Five best in-game dunkers in the NBA

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nba_james2_250.jpgDunking in a game is radically different than dunking in the Dunk Contest. As Eric Freeman pointed out at The Baseline — in game the “how” is often tightly defined as the dunker has a small window and defenders are closing in on him. It’s a race to the basket. The best dunks often come right  on or over that defender who closed out a split second too late.

Part of the problem with the dunk contest is we pick great in-game dunkers and expect them to be able to be brilliant in a totally different setting — one without defenders, where creativity is prized as much or more than athleticism.

Personally, give me the in-game dunks any day. Which leads to the question: Who are the five best in-game dunkers in the league? I’d say:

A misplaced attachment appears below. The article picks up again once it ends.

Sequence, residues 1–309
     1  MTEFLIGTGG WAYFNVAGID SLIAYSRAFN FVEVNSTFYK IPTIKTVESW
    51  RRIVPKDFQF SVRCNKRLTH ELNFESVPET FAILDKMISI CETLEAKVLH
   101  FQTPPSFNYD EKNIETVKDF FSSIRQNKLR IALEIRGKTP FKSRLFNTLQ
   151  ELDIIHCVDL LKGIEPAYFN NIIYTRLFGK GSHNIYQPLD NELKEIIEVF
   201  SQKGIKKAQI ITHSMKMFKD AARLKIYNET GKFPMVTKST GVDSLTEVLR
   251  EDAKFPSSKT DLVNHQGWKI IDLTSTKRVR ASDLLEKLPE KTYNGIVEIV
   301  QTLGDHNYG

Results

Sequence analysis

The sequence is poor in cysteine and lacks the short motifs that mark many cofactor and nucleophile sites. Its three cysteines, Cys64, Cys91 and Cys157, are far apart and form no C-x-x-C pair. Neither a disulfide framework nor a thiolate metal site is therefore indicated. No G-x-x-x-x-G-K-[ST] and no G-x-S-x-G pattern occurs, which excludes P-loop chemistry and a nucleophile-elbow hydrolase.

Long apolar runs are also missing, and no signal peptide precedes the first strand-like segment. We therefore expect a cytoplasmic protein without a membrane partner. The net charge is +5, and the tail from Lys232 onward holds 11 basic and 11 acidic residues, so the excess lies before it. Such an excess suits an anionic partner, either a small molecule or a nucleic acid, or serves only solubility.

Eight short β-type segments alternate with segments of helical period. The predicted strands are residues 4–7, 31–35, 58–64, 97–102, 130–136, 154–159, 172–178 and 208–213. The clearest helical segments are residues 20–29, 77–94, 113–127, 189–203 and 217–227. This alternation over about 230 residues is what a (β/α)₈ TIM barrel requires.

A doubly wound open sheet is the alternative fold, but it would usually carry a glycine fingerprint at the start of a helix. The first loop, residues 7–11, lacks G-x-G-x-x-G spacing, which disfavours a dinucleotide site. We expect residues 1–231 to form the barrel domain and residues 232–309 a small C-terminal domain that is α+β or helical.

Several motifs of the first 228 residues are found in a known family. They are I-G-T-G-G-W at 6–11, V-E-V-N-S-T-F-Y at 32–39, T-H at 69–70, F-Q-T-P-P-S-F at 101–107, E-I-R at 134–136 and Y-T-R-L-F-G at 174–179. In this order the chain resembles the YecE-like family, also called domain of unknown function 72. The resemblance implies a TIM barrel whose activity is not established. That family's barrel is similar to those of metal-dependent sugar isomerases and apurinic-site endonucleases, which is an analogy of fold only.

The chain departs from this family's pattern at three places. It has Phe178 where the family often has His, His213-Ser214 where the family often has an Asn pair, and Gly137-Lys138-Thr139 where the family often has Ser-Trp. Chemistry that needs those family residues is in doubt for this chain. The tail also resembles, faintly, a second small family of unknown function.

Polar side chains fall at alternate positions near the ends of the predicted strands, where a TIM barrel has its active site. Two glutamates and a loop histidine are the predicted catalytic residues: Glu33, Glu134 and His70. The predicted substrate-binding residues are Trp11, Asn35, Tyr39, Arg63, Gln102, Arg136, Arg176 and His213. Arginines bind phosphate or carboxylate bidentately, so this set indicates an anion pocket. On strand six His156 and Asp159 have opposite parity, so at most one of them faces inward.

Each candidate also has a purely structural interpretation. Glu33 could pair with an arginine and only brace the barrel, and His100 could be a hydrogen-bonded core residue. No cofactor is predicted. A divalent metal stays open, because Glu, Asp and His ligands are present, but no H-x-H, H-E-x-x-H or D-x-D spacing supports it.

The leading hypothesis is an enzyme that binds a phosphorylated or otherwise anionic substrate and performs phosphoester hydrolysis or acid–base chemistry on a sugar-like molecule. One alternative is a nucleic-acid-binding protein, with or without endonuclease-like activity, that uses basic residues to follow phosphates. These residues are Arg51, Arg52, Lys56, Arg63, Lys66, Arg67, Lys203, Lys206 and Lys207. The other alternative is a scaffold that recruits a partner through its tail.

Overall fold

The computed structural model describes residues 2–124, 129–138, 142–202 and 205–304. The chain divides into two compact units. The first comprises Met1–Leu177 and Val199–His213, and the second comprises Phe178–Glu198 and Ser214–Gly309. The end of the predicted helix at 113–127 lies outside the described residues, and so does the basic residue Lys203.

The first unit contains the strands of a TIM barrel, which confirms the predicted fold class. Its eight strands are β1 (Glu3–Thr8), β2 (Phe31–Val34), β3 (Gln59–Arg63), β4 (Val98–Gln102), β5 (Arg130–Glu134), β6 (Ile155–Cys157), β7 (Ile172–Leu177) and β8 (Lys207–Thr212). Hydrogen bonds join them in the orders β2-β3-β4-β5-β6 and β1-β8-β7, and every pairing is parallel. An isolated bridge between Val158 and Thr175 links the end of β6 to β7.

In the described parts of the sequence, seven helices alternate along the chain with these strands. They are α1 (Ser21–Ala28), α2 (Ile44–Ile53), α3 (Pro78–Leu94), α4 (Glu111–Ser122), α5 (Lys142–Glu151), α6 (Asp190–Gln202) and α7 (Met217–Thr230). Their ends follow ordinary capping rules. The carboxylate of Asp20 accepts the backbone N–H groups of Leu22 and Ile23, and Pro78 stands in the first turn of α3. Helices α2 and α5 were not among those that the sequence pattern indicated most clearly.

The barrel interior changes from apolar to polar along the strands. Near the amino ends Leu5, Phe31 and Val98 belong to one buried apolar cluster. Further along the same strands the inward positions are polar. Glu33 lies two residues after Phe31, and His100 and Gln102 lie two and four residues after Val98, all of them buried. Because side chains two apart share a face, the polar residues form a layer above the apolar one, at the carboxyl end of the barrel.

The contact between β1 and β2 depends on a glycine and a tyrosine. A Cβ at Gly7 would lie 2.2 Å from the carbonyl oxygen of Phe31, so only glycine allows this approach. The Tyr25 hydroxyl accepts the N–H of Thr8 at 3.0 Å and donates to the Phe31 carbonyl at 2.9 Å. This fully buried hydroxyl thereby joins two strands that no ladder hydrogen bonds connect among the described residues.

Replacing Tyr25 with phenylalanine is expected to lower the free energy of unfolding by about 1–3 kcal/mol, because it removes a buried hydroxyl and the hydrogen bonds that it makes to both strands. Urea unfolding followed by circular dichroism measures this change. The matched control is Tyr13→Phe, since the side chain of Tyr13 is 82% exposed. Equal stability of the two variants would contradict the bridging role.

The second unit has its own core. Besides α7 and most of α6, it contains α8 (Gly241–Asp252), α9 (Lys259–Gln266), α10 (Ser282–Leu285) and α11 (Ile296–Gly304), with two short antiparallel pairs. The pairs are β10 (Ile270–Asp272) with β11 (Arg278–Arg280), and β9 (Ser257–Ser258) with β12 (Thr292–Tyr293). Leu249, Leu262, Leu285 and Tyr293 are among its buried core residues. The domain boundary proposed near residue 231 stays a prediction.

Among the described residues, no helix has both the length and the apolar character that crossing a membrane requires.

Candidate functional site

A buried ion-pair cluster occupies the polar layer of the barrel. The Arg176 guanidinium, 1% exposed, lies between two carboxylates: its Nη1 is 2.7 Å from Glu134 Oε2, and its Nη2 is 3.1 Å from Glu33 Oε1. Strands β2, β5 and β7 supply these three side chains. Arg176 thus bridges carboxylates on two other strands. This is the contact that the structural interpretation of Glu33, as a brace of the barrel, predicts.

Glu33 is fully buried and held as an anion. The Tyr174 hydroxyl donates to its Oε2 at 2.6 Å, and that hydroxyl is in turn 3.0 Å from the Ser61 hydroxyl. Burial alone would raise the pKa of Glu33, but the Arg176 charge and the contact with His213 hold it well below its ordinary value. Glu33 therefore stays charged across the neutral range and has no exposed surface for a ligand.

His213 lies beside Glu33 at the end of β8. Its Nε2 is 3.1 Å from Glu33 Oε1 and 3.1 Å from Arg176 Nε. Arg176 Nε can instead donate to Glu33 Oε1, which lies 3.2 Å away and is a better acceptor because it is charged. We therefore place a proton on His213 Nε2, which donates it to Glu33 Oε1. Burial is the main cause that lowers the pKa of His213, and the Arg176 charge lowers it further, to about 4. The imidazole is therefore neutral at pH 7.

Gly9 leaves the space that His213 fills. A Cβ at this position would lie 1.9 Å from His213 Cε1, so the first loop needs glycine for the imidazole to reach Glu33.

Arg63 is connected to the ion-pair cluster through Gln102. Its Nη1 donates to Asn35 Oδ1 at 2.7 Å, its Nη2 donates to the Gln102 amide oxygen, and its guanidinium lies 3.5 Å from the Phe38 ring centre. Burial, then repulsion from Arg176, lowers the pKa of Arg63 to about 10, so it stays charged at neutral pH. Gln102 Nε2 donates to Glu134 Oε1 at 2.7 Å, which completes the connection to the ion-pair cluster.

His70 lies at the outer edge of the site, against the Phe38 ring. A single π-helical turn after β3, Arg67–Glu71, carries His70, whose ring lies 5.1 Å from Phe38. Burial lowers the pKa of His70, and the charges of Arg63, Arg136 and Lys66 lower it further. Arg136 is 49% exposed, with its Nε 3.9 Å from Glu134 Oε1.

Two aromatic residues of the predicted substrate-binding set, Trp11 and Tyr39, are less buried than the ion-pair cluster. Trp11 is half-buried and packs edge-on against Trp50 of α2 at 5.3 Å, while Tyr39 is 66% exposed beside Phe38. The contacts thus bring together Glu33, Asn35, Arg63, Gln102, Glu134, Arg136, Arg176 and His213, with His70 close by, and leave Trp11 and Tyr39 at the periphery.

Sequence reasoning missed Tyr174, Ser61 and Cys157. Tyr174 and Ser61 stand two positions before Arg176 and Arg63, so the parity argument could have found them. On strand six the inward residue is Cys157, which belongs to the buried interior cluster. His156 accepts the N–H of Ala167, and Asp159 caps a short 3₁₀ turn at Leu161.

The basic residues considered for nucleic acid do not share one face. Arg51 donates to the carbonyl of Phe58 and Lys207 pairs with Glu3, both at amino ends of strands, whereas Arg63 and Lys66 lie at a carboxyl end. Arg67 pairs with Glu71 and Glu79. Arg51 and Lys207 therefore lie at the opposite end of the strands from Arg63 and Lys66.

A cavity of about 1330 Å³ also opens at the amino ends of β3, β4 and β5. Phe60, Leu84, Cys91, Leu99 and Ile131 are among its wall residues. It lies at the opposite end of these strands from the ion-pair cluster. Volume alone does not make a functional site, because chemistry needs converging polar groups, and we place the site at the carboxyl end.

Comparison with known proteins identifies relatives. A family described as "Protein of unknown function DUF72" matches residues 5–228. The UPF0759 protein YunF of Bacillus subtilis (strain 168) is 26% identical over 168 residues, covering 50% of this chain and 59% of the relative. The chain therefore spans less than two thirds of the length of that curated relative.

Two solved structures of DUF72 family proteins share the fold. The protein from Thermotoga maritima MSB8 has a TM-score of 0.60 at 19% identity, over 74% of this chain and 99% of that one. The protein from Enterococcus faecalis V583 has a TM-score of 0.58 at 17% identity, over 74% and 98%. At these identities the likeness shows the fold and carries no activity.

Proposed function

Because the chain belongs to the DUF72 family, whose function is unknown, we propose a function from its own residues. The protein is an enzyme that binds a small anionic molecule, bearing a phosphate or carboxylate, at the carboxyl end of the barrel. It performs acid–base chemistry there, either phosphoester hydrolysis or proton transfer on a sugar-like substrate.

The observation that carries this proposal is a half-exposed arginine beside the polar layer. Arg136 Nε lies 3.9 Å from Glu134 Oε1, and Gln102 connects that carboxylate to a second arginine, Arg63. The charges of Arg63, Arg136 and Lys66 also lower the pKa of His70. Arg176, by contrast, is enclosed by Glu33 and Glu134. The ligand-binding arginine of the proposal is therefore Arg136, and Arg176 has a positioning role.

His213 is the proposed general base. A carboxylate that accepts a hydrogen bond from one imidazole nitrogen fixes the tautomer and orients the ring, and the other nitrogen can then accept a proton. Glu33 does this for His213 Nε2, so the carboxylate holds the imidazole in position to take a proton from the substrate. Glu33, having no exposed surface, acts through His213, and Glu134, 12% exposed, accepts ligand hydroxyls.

1. LeBron James, Cleveland. He is athletically gifted like nobody in the league, he gets to the rim on drives nobody else could, and he finishes with thunderous, manly dunks on plays when everyone else would have settled for the pull-up jumper. LeBron would make my all-time, in-game dunkers list (along with Michael Jordan, young Kobe Bryant and Charles Barkley, to start).

2. Josh Smith, Atlanta. The best ally-oop finisher in the league, and maybe the second best athlete in the league. Like LeBron his finishes drives with dunks that nobody else really finishes — and he does it with the left hand, thank you very much. (Smith is the one guy who would make the blocks and dunks top five list.)

3. Shannon Brown, Lakers. He is the prototypical player made for in game dunks, but not the right personality for the dunk contest. But the LetShannonDunk movement started for a reason — this guy can throw down and often does it over people. He loses a couple points because so many of his best dunks come in garbage time, but you can’t hold that against him too much.

4. Rudy Gay, Memphis. Out in transition, maybe the best finisher in the league. When Memphis runs there is building electricity in the air because Gay may get the chance to finish and have the highlight of the game.